Hurricane Season is Approaching

It’s that time of the year again. Early reports and forecasts of how the 2020 Atlantic Hurricane Season might pan out are available to the public.

Let’s dive right in, shall we?

The Predictions

Colorado State University Department of Atmospheric Science’s Tropical Meteorology Project released its Extended Range Forecast on April 2. In that forecast, they declare 16 named storms, 8 hurricanes, and 4 major hurricanes.

A reminder that the 1981-2010 average for each is: 12.1 (NS), 6.4 (H), and 2.7 (MH). The department’s 2019 April forecast did not land on numbers quite that high above the average.

CSU’s 2020 April forecast also comes with a 69% probability of at least one major hurricane making landfall on the entire continental U.S. coastline. The U.S. East Coast (including the Peninsula of Florida), 45%; and Gulf Coast from the Florida Panhandle to Brownsville, TX., 44%.

So, based on the gathered information, for now we can expect that the 2020 season will have activity above the average. The next CSU forecast will be released on June 4.

The Weather Company is predicting 18 total named storms, 9 hurricanes, and 4 major hurricanes; which suggests a far-above-average season.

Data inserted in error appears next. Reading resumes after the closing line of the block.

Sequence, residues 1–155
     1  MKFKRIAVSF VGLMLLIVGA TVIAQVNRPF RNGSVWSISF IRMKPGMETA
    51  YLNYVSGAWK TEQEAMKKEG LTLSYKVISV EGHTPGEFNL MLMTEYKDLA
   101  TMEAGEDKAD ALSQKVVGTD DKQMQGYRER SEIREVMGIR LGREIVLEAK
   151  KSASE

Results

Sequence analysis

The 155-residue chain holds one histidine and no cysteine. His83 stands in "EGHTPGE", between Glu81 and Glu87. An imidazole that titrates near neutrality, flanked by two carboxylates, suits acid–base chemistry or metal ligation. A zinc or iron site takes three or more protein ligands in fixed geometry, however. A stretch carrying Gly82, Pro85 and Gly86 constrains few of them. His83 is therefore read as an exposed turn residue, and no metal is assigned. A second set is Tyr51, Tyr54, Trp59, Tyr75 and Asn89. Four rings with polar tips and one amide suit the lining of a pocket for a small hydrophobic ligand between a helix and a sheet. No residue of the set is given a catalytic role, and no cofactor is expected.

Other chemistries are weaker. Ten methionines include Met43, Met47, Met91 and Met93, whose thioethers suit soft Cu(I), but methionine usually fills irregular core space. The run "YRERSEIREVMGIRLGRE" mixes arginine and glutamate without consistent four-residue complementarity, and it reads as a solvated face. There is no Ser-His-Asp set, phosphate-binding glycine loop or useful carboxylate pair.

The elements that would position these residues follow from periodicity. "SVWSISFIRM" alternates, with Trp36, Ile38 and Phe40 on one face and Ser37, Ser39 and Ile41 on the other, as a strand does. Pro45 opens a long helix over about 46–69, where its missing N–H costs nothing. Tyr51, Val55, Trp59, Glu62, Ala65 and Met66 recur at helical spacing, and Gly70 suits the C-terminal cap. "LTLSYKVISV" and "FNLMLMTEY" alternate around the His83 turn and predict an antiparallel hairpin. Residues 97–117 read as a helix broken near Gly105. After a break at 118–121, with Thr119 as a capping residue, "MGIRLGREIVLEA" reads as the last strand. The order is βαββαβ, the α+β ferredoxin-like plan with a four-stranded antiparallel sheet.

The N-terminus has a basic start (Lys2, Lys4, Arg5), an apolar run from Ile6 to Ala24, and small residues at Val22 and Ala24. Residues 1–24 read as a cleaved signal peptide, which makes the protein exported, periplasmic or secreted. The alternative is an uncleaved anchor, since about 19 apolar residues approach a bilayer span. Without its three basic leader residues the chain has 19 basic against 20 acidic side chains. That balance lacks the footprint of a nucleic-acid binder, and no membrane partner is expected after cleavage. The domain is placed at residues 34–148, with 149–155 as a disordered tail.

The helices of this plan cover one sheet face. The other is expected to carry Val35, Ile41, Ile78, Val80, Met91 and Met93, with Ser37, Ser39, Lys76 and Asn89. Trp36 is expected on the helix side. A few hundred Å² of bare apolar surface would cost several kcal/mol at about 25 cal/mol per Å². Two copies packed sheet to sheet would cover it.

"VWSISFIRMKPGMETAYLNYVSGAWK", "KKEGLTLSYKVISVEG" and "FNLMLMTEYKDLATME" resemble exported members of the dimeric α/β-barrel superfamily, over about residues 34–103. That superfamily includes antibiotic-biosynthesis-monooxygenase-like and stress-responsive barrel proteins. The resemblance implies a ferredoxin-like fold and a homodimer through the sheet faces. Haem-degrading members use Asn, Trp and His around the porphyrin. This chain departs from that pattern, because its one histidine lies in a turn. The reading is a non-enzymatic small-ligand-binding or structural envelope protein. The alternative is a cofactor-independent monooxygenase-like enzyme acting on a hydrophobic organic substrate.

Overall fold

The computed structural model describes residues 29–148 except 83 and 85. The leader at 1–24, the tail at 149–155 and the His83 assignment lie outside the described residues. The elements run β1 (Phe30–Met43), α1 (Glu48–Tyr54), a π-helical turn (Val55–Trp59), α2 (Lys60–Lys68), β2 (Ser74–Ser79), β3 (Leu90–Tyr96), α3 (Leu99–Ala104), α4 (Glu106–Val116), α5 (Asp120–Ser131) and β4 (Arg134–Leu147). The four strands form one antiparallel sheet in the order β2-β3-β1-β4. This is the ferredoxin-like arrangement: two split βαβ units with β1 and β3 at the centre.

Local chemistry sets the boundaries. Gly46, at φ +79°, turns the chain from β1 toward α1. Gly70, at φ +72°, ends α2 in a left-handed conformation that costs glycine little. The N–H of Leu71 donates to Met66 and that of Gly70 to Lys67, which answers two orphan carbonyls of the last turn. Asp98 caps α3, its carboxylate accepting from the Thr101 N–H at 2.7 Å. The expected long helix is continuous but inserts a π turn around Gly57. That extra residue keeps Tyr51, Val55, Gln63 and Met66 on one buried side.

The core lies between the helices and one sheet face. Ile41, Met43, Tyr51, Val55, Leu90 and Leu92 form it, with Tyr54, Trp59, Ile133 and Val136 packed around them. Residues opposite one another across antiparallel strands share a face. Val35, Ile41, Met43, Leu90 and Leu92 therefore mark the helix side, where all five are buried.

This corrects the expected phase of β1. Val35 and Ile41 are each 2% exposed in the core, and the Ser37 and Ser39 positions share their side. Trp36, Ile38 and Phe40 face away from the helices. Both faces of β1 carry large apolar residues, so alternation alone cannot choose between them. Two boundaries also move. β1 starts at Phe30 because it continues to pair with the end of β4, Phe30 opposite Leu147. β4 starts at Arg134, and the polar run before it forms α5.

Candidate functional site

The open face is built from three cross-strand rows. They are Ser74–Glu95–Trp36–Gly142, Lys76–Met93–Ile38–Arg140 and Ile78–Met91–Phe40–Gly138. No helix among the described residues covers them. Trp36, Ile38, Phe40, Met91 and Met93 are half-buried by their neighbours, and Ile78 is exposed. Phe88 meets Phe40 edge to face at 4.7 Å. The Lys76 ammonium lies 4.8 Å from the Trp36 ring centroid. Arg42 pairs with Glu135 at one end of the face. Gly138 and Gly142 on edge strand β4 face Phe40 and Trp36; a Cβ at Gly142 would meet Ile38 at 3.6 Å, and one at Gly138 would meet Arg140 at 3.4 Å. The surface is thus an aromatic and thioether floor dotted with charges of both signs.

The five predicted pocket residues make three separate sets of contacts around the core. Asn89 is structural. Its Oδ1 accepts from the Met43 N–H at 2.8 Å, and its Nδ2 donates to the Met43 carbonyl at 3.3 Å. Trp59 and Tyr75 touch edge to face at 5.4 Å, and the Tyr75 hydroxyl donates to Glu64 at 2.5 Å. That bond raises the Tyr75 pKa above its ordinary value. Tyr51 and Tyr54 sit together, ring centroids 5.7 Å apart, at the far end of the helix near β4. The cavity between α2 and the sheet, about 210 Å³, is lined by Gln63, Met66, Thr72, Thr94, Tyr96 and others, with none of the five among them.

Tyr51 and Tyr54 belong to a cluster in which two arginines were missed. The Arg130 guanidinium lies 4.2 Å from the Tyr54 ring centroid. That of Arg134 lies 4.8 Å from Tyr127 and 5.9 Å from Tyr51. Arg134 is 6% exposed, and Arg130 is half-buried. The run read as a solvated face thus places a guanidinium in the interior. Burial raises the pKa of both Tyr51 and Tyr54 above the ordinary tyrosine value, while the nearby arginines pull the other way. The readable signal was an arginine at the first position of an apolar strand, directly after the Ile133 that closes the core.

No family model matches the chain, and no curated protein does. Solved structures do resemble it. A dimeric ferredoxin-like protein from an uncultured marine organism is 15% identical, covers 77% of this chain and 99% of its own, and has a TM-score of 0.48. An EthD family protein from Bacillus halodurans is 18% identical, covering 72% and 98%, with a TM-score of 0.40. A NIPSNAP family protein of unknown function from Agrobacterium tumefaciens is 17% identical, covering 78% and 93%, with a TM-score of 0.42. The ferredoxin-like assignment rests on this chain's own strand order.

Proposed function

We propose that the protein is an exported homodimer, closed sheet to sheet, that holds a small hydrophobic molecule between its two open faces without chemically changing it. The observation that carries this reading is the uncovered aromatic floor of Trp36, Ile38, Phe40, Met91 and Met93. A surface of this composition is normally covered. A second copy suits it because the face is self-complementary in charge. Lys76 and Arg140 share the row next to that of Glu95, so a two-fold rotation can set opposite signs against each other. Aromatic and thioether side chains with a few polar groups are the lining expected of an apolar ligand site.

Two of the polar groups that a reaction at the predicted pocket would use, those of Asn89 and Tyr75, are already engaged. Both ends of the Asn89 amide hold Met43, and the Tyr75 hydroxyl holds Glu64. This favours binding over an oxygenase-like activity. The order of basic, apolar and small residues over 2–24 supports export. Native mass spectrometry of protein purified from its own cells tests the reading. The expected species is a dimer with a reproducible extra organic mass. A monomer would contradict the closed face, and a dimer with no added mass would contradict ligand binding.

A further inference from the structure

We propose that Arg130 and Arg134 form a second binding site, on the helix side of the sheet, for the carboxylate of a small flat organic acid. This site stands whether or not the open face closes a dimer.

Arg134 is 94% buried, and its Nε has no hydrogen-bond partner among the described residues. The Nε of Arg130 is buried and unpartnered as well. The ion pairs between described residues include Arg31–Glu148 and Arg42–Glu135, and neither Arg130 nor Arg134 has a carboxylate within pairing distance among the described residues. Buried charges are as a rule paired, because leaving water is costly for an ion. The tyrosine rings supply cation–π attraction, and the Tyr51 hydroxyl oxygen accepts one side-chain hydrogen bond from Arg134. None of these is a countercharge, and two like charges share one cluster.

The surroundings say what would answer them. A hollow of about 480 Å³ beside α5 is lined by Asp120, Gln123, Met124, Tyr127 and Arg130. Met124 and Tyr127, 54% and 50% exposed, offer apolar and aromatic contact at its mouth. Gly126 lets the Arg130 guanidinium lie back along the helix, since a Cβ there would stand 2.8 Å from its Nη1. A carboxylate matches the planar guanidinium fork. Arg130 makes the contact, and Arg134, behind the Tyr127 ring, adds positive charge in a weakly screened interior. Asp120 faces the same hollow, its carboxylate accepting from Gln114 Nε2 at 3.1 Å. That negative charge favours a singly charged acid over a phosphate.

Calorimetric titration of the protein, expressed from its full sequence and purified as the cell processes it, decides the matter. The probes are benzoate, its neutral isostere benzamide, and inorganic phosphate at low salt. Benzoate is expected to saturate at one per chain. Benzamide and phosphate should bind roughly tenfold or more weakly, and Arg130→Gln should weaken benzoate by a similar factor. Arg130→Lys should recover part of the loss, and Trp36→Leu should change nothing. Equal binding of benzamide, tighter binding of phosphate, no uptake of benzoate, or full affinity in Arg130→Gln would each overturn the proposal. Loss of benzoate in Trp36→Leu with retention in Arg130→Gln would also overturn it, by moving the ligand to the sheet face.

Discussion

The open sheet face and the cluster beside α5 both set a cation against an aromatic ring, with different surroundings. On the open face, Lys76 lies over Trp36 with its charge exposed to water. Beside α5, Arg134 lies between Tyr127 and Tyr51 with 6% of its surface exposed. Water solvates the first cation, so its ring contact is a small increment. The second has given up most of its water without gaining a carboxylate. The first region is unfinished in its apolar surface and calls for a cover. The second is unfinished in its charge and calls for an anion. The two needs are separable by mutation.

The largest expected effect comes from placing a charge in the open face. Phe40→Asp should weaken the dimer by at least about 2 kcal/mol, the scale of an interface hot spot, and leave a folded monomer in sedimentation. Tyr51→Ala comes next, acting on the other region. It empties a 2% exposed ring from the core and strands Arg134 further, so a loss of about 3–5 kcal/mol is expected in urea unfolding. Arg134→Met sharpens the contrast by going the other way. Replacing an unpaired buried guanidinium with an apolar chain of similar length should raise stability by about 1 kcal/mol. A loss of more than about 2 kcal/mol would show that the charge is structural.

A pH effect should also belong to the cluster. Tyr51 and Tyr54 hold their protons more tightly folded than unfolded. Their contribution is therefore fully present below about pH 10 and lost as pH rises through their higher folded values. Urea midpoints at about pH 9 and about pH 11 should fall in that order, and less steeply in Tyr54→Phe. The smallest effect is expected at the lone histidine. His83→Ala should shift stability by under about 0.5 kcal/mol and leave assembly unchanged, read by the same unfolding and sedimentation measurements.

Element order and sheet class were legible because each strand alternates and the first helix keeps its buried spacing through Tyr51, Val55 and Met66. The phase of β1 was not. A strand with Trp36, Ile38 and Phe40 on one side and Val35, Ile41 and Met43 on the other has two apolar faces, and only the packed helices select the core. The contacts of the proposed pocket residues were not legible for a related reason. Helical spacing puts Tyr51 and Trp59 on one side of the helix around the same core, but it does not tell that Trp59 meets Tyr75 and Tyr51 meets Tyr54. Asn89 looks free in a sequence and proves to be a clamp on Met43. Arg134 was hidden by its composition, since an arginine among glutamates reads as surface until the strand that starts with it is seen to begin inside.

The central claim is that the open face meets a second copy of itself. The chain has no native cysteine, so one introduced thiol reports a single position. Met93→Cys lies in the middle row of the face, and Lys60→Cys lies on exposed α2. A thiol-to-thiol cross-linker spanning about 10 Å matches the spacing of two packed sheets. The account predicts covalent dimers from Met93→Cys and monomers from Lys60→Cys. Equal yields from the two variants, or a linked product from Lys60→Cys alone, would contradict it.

UPDATE: CSU’s June 4 Extended Range Forecast included the term, “well-above average.” They increased the number of hurricanes to 9; and as for the probability of at least one major hurricane making landfall on the coastal areas, each one increased by one percent (now 70%, 46%, and 45%).

UPDATE: CSU’s July 7 Extended Range Forecast increased only the named storms – that number is now 20. Probability of at least one major hurricane making landfall on the U.S. reflects what was stated in the April forecast, above, (69%, 45%, 44%).

The 2020 tropical storm names are: Arthur, Bertha, Cristobal, Dolly, Edouard, Fay, Gonzalo, Hanna, Isaias, Josephine, Kyle, Laura, Marco, Nana, Omar, Paulette, Rene, Sally, Teddy, Vicky, and Wilfred

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